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To Be Sharper at Work, Do This One Thing

Integrate exercise with your work routine, using these five steps

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by Kara Baskin

Work
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Psychologist Ron Friedman, Ph.D., author of The Best Place to Work: The Art and Science of Creating an Extraordinary Workplace, frequently blogs for the Harvard Business Review. In a recent post, he explored the benefits of integrating regular exercise with your work routine: enhanced mental firepower, sharper concentration, even a kinder demeanor. Now he talks to Life Reimagined about how to step away from the desk and actually get moving.

Reframe. Stop thinking about exercise as a personal indulgence. “We feel almost selfish taking time away from our jobs or our family. We think about our existence through the lens of only work or life. But exercise benefits both of these things: You’ll be more pleasant, better at your job, faster, and even have a better memory,” Friedman says.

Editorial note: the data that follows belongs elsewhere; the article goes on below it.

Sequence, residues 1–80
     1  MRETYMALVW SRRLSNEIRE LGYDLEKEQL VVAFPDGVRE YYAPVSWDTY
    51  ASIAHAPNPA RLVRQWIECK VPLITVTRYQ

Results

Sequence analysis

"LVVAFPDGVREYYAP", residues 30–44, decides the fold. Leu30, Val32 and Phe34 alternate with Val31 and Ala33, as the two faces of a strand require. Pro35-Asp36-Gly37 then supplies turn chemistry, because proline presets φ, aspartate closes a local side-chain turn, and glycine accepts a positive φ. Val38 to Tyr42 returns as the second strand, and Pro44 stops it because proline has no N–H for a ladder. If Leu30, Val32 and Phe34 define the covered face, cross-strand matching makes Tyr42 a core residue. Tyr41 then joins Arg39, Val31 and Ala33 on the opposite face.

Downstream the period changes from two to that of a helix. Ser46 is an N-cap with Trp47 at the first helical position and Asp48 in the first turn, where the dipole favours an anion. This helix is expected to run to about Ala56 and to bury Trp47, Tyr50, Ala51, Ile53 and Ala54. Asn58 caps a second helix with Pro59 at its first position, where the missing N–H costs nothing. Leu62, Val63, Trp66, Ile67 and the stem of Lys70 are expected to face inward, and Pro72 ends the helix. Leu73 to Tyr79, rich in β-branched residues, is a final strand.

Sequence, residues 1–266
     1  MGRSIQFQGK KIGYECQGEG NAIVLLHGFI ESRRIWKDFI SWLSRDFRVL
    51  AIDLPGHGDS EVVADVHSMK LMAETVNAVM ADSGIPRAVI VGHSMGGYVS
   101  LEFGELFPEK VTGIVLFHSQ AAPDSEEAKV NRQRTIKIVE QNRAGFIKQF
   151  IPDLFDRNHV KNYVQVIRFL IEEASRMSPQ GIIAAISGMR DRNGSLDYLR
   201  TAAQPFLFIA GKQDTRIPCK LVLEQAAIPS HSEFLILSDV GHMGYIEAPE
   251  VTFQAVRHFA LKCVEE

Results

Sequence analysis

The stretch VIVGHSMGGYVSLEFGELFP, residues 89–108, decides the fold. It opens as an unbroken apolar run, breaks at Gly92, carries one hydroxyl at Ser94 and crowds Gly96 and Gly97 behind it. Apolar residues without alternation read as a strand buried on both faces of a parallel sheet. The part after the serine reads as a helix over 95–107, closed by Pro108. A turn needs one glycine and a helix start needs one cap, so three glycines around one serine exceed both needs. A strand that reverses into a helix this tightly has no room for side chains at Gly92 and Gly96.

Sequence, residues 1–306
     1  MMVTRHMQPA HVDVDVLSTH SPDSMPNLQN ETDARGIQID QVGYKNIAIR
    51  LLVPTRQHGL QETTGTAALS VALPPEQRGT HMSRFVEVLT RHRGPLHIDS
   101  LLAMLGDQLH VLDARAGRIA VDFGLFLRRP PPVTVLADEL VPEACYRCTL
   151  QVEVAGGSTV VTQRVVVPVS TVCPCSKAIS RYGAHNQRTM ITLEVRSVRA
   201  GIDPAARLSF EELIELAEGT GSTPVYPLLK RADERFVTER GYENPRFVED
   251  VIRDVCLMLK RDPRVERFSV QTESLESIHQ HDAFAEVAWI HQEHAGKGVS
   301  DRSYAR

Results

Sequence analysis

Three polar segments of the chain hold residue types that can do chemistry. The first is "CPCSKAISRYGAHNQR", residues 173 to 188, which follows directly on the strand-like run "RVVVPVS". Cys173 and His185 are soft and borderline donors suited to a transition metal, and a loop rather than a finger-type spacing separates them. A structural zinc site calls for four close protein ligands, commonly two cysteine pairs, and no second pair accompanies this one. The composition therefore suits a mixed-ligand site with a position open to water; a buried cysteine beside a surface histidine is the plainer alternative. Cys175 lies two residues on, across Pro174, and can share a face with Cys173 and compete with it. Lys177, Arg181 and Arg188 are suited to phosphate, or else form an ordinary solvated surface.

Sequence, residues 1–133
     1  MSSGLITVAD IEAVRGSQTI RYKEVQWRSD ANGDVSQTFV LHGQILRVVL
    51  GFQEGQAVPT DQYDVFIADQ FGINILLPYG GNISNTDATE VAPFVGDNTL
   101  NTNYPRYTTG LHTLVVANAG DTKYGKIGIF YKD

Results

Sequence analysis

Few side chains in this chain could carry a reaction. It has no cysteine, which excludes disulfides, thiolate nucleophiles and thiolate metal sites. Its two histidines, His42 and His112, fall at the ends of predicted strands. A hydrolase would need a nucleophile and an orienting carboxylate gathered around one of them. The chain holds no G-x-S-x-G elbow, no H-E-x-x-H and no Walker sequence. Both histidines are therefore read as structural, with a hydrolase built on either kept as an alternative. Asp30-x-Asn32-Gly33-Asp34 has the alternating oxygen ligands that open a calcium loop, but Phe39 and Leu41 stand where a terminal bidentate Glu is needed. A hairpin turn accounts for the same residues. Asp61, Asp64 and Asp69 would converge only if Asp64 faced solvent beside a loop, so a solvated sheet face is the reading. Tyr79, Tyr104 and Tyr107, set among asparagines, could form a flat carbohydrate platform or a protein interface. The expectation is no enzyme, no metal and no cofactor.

Connect With Your Inner Child. If you’d rather swim with snakes than hit the treadmill, think back to activities that you loved to do as a kid. Was it tennis? Skiing? Surfing? “If you enjoyed it then, you will now,” says Friedman. “Don’t try to talk yourself into an activity you dislike.”

Time Your Workouts. Exercise when your energy levels are up. “For most people, this is the morning. We tend to experience a real dip at around 2 p.m. and again at 5. Seven hours after you wake up is when you want to nap,” says Friedman. So seize your active moments; if you plan a workout for midday or after work, you might give in to fatigue and fall back into your old, sedentary ways.

Start Slow. Set attainable goals. If you’re a committed couch potato, think about getting active once or twice a week. “If you promise yourself that you’ll suddenly work out every morning, you’ll end up only disappointing yourself and getting frustrated,” Friedman warns.

Make a List. If you’re feeling truly guilty about abandoning your desk for the gym, play a little trick on yourself. Friedman suggests making a list of difficult problems that require solving and skimming it before exercising. “It’s one way of alleviating that implicit guilt. I do it for myself, and inevitably, over the course of my workout, a solution will reveal itself,” he says. Problem-solving while getting fit? A good workout indeed.

Photo Credit: Tara Moore/Getty

See also: The Key To Productivity (It’s Not What You Think)